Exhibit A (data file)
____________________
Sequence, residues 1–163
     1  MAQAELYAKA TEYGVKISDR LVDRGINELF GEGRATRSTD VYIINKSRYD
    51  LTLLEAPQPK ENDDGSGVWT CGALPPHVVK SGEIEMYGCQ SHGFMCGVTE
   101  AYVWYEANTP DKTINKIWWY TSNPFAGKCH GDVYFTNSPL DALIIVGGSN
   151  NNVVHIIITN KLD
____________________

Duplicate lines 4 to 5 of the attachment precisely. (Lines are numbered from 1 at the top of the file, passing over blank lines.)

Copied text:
   101  AYVWYEANTP DKTINKIWWY TSNPFAGKCH GDVYFTNSPL DALIIVGGSN
   151  NNVVHIIITN KLD